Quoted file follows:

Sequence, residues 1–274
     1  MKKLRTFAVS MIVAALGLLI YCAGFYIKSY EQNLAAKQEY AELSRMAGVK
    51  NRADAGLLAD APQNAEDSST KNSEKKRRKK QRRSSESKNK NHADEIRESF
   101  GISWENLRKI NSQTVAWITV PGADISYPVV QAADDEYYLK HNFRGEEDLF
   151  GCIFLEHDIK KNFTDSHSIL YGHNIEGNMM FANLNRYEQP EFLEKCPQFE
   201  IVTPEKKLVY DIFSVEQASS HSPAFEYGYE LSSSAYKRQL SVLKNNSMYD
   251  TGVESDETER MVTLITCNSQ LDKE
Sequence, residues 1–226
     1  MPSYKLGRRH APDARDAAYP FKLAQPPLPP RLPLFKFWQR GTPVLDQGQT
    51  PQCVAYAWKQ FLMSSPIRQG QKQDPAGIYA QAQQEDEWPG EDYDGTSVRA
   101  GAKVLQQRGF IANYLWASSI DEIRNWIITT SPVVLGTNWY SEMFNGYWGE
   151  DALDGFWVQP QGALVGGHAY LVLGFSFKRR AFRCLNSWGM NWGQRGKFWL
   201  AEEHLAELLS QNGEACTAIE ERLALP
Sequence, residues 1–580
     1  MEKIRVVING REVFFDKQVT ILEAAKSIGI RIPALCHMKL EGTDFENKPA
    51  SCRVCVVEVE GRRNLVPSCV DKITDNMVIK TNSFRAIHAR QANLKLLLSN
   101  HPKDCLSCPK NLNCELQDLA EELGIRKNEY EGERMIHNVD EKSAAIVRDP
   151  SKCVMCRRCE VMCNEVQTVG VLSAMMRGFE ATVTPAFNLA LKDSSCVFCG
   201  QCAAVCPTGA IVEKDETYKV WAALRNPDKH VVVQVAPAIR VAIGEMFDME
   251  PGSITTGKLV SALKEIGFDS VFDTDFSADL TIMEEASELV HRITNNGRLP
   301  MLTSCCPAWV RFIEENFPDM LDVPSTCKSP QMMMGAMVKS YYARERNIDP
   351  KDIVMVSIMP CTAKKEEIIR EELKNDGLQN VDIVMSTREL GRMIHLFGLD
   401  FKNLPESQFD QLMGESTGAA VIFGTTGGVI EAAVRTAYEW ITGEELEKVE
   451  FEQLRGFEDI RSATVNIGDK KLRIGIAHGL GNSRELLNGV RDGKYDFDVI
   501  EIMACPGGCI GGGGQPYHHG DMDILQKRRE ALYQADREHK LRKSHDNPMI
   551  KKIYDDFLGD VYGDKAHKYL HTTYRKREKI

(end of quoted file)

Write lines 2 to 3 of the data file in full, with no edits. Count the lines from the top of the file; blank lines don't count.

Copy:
     1  MKKLRTFAVS MIVAALGLLI YCAGFYIKSY EQNLAAKQEY AELSRMAGVK
    51  NRADAGLLAD APQNAEDSST KNSEKKRRKK QRRSSESKNK NHADEIRESF